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    Fresh and Healthy Food for All

    philCalifornia is the state with the richest agricultural diversity and greatest bounty, boasting more than 400 varieties of fruits, vegetables, nuts, and other commodities. Yet, nearly fifteen percent of our households face inadequate access to sufficient, safe, and nutritious food.

    Despite today’s economic boom, nearly one-third of residents in my hometown of San Francisco face food insecurity. While income inequality and poverty are key factors, another challenge is that many parts of the city are food deserts—places where affordable, fresh produce are not accessible.

    Recognizing that diet is the foundation for good health, I authored legislation last year to expand access to healthy food for low-income families by harnessing the power of our local farmers markets. My Assembly Bill (AB) 1321 established the California Nutrition Incentives Act. It doubles the purchasing power for families participating in the Supplemental Nutrition Assistance Program (SNAP)—the federal food stamps program—when they buy fresh fruit and vegetables at local farmers markets. By expanding access to healthy choices, we can put nutrition back at the center of this nutrition benefit program.

    I’m pleased to say that the 2016–17 state budget includes $5 million to boost implementation of the new law and to compete for federal dollars geared for the same purpose.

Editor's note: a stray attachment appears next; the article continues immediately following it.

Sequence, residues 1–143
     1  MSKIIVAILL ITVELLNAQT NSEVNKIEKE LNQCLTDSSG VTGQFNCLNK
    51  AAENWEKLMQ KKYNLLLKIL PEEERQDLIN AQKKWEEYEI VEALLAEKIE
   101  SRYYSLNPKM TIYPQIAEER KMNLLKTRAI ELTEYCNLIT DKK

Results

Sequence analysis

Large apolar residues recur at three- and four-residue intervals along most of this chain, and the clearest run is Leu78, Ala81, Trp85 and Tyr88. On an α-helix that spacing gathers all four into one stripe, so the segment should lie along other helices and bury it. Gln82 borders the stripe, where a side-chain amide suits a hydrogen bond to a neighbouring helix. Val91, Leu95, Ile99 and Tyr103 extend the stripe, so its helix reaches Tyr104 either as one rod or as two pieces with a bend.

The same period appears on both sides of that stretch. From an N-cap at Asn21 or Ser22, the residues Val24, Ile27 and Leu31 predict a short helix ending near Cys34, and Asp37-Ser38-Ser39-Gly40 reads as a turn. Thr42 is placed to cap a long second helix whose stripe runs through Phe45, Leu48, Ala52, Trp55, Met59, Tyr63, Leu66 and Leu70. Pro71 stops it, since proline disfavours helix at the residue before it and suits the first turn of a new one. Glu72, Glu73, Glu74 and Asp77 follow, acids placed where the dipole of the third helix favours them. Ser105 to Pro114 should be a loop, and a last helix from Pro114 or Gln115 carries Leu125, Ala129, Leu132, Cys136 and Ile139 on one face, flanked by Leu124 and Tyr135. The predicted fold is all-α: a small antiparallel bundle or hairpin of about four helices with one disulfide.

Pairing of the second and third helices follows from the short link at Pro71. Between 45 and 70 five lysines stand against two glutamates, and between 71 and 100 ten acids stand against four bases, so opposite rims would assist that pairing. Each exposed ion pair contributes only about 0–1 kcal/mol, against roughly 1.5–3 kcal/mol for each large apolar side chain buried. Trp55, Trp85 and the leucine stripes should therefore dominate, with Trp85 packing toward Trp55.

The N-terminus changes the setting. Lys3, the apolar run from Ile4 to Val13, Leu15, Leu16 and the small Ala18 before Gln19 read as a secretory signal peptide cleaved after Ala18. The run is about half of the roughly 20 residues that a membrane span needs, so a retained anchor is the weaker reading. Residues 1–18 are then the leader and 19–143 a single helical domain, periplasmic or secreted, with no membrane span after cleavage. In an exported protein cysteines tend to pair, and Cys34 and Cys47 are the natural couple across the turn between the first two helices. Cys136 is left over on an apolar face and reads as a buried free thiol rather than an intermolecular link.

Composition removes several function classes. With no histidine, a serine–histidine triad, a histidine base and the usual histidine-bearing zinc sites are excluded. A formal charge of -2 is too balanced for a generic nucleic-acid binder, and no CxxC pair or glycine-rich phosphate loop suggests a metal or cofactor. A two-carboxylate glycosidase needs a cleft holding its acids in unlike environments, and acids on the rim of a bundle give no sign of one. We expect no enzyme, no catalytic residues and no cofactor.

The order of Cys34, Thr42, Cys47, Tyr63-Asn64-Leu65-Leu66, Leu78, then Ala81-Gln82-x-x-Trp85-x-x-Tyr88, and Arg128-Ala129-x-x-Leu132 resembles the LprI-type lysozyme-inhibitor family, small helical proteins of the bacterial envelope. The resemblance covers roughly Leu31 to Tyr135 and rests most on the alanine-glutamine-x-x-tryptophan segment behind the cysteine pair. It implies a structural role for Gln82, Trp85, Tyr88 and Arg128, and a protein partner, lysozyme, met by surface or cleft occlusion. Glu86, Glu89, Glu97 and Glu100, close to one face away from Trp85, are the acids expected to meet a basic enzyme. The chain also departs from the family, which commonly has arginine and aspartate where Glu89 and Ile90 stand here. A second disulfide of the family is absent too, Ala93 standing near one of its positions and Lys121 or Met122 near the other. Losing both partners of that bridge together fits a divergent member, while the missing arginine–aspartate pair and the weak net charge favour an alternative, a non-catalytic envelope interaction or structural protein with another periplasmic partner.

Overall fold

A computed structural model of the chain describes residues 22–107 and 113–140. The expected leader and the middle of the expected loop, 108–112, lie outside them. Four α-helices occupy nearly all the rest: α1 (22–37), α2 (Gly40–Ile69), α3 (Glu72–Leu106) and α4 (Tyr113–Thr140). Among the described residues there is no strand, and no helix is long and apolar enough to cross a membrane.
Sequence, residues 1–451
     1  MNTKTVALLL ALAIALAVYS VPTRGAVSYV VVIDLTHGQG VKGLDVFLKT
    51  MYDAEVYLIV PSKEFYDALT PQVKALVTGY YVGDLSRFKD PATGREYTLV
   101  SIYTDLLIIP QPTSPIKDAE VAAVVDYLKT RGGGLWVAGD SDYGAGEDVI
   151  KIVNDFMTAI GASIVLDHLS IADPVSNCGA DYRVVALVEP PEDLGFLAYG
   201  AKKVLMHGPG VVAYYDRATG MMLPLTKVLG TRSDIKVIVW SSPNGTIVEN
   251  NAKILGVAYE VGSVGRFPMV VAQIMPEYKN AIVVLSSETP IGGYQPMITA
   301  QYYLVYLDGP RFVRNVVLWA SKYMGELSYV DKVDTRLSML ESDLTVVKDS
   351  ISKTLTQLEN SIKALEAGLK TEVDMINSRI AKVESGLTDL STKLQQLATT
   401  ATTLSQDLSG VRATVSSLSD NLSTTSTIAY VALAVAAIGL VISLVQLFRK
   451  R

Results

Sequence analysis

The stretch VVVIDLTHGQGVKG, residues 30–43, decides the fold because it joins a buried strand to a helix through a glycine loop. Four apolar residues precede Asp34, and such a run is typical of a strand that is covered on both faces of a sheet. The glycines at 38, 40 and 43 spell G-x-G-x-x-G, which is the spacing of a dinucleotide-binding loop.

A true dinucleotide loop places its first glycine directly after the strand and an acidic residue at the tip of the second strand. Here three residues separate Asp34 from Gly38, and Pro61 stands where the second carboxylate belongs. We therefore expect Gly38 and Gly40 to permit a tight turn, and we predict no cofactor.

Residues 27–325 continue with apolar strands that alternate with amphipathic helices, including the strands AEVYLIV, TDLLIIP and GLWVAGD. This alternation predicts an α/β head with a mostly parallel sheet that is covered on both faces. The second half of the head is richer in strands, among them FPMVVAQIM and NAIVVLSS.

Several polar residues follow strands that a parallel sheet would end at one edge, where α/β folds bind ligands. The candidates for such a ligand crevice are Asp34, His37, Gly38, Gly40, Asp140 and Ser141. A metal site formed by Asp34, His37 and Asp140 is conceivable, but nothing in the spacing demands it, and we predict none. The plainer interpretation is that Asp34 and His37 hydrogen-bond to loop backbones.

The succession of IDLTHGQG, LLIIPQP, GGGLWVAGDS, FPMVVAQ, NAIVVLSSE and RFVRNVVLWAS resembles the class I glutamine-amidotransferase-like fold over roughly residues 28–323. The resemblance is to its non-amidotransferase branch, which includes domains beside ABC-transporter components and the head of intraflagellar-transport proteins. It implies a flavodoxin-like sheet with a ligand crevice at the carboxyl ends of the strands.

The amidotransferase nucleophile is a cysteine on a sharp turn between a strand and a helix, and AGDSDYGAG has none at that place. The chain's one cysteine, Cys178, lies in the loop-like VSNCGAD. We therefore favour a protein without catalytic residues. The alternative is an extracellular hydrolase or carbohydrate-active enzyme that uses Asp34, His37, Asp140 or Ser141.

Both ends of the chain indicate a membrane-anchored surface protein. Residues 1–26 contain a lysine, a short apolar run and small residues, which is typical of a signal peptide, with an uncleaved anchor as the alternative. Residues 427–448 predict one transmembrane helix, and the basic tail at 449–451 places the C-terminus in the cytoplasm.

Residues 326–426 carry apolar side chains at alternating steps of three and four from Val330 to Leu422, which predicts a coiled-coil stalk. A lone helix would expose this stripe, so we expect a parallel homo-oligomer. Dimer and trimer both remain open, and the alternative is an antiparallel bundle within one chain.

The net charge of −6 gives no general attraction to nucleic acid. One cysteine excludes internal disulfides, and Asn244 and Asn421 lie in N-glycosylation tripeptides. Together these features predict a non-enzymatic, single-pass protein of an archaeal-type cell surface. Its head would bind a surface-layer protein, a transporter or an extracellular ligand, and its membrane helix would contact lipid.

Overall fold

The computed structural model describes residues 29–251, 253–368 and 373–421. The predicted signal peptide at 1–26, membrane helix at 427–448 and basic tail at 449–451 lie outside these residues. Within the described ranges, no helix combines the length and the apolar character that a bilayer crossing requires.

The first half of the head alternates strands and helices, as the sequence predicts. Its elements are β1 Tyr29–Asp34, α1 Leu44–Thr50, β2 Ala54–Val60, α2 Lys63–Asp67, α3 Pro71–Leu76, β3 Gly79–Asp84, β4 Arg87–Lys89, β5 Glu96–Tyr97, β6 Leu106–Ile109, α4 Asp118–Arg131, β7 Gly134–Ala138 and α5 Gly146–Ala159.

Bay Area non-profit organizations pioneered food incentives through the Market Match program, which “matches” or doubles the amount of funds that SNAP families can spend at more than 250 farmers markets across California. Last year, the Market Match program allowed farmers to receive $2.5 million more in revenue and served more than 130,000 customers. Overall, the program has increased participation in nutrition benefit programs at participating markets up to 700 percent. As a result of the program, 69 percent of local farmers selling their produce at farmers markets report that they have new and loyal customers.

    One of the most successful Market Match programs operates at the Heart of the City Farmers Market in downtown San Francisco. Since its launch of Market Match last June, more than $265,000 incentives to purchase fresh fruits and vegetables have been distributed. Food stamp or SNAP-related sales have grown by 35 percent.

    Other farmers markets taking advantage of this great program are the Mission Community Market in San Francisco, the Jack London Square Farmers Market in Oakland, and the Main Street Farmers Market in Richmond. The Market Match program is so in demand that, unfortunately, not everyone can take advantage of it because the available funding runs out. A program this great calls for a greater investment, and that’s why the state made a major investment in programs like Market Match.

    By bringing healthy and nutritious food to neighborhoods with few grocery options, we can harness the power of California’s network of 700 certified farmers markets to get people excited to try new foods and to eat right. We would enable millions more Californians to shop at farmers markets, see healthier communities, and boost our local farming economies. That is an exciting path where California will continue to lead the nation.

    Phil Ting represents the 19th Assembly District, which includes the Westside of San Francisco along with the communities of Broadmoor, Colma, Daly City, and South San Francisco.